Mike Dicks

commented on AVMA-IHS US Veterinary Workforce Study 2013-05-21 09:36:42 -0400 · Flag
Carl, this is the type of discussion I had hoped that the veterinary profession would entertain. Many of your statements get to the heart of the matter of excess capacity and I will respond to them one at a time.

From my review of the past veterinary workforce literature I would suggest that the first real sign of trouble came from the Wise and Kushman study. For the eight year period prior to this study the rate of growth in the supply of veterinarians was 3.9% per year and exceeded the growth in demand. Based on these numbers, the Wise and Kushman study forecast a supply-demand imbalance growing in the decade ahead. Following this study there was no increase in the rate of increase of veterinarians for 2 decades, while demand continued to increase. The best data available would suggest that during this 2 decade period demand grew faster than supply. Then in the late 1990s the profession receives conflicting signals from the KMPG study and studies indicating the shortage of rural/food animal veterinarians and public health veterinarians. Most of the studies like the KMPG study talked of an oversupply of veterinarians, but failing to present any evidence of unemployment did not support the claim of an oversupply. To be clear, there was no evidence of veterinarian unemployment because there was simply no data collected, not because it did or did not exist. But this important piece of data was not collected until the current workforce study. But, excess capacity may have already been a problem in some veterinary practices, unfortunately it wasn’t measured and in fact the KMPG study noted that excess capacity in practices (underemployment) was a result of “indivisibility” of labor, but was not actually measured in the study. The focus of the workforce study on excess capacity, a concept that looks at both oversupply and underutilized resources, is the first study to definitively describe the problem or “too many veterinarians”. While unemployment may be low (indicating no supply-demand imbalance), excess capacity in practice (underemployment) exists and indicates that veterinarians are moving into the profession and dividing up in smaller pieces a slower growing demand.

AVMA can talk about supply, provided there is data to talk about. The data on veterinarians entering the workforce is incomplete and the data on veterinarians leaving the workforce is almost nonexistent. We need better data here. We definitely need a better measure for unemployment.
The role of the AVMA economics division is to influence all decisions through the deliverance of unbiased information. As we continue to collect and analyze data the division will provide alternative strategies and the consequences of each on all entities in the profession. The WAG recommendations include a request for research on both the supply and demand sides.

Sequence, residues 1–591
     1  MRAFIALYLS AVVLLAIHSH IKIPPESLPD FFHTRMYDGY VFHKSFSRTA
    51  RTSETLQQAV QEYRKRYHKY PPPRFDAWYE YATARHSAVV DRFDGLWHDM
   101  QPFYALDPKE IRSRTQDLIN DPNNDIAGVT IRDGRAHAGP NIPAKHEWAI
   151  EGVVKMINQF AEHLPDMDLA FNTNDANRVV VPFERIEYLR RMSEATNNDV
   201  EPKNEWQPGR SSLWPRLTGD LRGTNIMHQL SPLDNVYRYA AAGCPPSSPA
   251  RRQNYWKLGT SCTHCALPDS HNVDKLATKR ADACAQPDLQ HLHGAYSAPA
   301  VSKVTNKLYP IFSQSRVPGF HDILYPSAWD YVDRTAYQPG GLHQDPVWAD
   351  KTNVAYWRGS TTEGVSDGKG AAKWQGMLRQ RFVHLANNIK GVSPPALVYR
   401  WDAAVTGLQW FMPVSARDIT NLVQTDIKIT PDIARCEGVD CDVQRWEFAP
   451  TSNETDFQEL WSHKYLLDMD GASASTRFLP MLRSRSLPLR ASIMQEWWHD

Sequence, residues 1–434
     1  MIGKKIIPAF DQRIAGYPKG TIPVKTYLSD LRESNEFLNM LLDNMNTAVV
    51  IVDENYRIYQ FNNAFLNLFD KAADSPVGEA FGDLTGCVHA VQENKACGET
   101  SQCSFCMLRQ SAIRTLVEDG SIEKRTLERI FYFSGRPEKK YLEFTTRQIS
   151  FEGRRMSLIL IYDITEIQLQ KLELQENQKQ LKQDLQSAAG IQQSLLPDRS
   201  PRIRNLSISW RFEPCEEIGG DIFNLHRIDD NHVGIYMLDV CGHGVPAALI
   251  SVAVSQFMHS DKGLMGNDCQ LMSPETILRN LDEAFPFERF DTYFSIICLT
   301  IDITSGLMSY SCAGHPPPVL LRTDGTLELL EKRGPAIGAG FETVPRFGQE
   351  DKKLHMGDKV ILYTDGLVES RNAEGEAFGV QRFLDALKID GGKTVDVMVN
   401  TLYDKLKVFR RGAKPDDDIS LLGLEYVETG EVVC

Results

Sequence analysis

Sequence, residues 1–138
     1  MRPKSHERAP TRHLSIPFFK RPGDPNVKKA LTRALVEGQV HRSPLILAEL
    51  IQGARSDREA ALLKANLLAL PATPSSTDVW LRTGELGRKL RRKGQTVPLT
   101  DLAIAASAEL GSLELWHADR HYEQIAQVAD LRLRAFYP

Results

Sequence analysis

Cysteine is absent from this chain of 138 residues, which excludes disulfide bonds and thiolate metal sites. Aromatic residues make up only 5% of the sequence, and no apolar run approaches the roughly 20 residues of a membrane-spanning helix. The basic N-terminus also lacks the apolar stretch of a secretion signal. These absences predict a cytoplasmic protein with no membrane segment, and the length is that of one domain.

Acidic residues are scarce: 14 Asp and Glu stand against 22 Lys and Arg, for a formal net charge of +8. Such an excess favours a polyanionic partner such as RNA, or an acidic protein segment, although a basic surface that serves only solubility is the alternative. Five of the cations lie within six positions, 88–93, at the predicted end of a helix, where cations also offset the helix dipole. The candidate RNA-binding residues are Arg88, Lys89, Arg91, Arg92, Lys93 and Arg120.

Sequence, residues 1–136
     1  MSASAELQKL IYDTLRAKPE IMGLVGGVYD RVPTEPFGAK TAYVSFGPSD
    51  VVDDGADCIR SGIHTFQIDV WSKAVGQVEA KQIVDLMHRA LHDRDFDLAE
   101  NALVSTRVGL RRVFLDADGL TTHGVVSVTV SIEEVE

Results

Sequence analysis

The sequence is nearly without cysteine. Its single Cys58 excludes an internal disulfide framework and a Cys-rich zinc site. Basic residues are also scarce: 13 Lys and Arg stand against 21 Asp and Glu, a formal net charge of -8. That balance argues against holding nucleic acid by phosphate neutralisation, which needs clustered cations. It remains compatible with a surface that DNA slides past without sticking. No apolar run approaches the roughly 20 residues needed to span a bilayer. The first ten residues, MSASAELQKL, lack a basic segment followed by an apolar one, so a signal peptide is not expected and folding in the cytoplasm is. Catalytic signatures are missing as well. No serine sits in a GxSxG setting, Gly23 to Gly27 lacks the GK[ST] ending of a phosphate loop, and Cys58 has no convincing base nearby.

Currently, the workforce model indicates that demand (across the board) would need to increase by 14% to eliminate excess capacity. Unfortunately we currently do not know the income or price elasticity of demand for any veterinary services. But, this is a top priority of the division and hopefully by this time next year we can provide that information (if veterinarians will provide the data needed). In the articles that I am now posting on AVMAs web, I discuss current trends in the output and prices of veterinary services relative to other service industries and other health professions. This is important information to the profession. However, we need to understand the price and income elasticities for various veterinary services as they are likely different. For one service you may be able to increase price and reduce the number of services to increase profit, while for another service lowering price and increasing the number of services may increase profit. Different services will have different price and income elasticities. In general, as the economy improves, disposable incomes will improve and the demand for veterinary services will improve.

The Brakke did not show that price was not a factor in the selection of a veterinarian. The study ranked reasons it did not measure the impact of raising or lowering prices for specific services within a practice. Increasing prices because the study was interpreted to indicate that price was unimportant may have produced adverse consequences. The customer’s level of disposable income and the price of the service are certainly important factors in the customer’s willingness to consume a service. But knowing this falls short of the knowledge necessary to make pricing decisions. To do that, we must know the exact effect of price and income on the demand for each type of veterinary service.
Finally, my comment that veterinarians focus on demand should not be trivialized. Certainly, those responsible for the supply of veterinarians now have the information about the state of the profession. Individual veterinarians can do little about the supply but they can affect demand and their own internal finances. As an economist, in an association of veterinarians, working on the demand side would appear to be the prudent place to begin. And, the success of this effort will depend largely on those veterinarians that I serve.